But here we are. We knew the signs to look out for– that if at any point he stopped urinating: he was in big trouble. That the tumor would be blocking his urine and his bladder could and would explode. And I guess the morning before we would return (the night for us since we were on the other side of the world), it happened. No more pee. And my mom and step dad rushed Jerry to the hospital. They were given two options. 1. to put him down before his bladder explodes. 2. try a catheter– something that might work or might fail– but if it worked, it could hold him off for a bit longer. And with no guarantee, my mom asked for the catheter, a hope to make him last a few more days for us while we made the two-day journey back to her home.
It worked. Thankfully it worked.
The next two days my family spent their time making sure to manually empty out the urine from my poor old dog. Something no one would have to do for him or for us– but I’m so grateful they did.
I think the hardest part about everything is that he looked fine when we came home– or at least the same as when we left him. No noticeable discomfort or pain. Other than his bladder, he was still strong. He was walking, eating, sleeping, everything was fine. But still, we found ourselves with no other option but to give in to the inevitable. We knew it was his time. And no matter how much I want to change every single thing that has happened the last few months and no matter how tired I am of loss: it was his time and I lost my dog.
The longest commitment I’ve ever made. The thing I magically kept alive for years— even in some of my rougher, most self-deprecating years. The pet that Marlowe has known her entire life. The thing she grew up with. From day one of Marlowe’s life she’s had two things: me and Jerry. He’s always been there. For me and for her.
And later, she would gain Alex in her life too. But never anything more in her immediate home and family. The loss of an actual sibling/my miscarriage this year was lessened by the fact that we could reunite with our dog. The very day that I went in for a d+c to complete my miscarriage— we picked him up from our friends house to continue our journey with Jerry again. But less than two months later, he’s gone.
The dog that has moved with me a million times over with me. A runaway from the dry desert of Arizona. He road-tripped by my side to a new home in South Florida. To West Palm Beach, to Miami (three separate homes in Miami), to Lake Worth and back to West Palm Beach again. He never made it to Guatemala, but really, neither did we.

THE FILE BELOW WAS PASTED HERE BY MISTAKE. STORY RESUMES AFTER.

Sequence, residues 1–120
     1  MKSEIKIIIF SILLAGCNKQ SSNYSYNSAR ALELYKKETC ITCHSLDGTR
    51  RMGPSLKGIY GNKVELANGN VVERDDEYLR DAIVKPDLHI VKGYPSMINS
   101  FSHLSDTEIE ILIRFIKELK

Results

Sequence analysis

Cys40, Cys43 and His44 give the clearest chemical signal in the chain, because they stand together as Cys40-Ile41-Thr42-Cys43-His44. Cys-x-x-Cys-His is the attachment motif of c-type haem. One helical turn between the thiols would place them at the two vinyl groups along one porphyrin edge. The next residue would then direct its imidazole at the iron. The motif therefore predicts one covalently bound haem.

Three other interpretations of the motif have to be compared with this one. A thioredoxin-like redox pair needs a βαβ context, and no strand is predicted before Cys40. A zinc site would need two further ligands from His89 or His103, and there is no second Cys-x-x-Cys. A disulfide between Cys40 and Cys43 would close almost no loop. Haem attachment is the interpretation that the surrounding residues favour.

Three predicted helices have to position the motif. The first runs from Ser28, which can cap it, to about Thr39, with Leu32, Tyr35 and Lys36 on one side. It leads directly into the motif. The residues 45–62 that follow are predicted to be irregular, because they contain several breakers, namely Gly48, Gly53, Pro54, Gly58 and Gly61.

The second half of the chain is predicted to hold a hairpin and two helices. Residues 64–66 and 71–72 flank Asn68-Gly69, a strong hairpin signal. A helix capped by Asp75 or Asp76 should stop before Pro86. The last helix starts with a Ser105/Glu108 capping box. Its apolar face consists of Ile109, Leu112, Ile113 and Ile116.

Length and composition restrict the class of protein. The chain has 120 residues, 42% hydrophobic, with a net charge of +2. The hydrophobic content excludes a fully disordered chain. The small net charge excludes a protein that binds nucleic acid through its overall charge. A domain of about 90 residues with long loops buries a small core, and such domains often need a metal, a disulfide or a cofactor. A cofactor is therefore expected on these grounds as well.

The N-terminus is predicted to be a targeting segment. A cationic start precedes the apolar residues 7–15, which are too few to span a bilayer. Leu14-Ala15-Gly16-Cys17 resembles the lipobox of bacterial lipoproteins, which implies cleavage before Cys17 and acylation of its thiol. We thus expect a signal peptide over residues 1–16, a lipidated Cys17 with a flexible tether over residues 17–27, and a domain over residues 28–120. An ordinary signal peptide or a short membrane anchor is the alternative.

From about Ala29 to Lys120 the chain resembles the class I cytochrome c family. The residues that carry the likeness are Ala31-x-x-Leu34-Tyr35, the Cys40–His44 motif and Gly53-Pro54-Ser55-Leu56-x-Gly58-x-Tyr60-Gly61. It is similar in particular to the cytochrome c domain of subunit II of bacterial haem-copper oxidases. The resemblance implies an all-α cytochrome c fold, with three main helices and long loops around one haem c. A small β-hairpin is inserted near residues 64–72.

He ran away all the time. I made friends with homeless men in my neighborhood because they would bring back the tip jack Russell that dug his way out too many times. But that’s how he found his way to me too. A rescue wearing a Budweiser bandana in a shelter in Arizona. He was impossibly challenging when I first brought him home. 7 years old and never house trained. Even being ridiculous enough to climb into my laundry basket to make my pile of clothes his own personal toilet. I spoke to him in Spanish for months, because he never seemed to understand what I was saying in English. He fought with bufo toads more times than he should– needing a stomach pump twice. And still, he chased those toads for years after… until his greying vision no longer allowed it. One of my first (and very weird) blog-posts ever was about Jerry peeing on a ball. He’s a weird little dog. A creature that could never sit still very long, unless you needed him by your side… or until age forced him to. He loved the heat and loved the chase in life.
I’m grateful for that pup. He slept by me for sometimes 14 hour days when I was pregnant, with nausea, and alone and in need of love. He loved me the same every time I came back to him after leaving him with friends or family for days or weeks at a time. He was a good little man.
It’s taken me a whole week to finish this post. A whole week to get myself together and all the things I’ve been struggling with. It’s been a tough week and a tough few months in general, but losing Jerry might have been the must gut wrenching part. Love you Jerber, thank you for always being there for me. We love you.
RIP Jerry ‘the dog’ Garcia.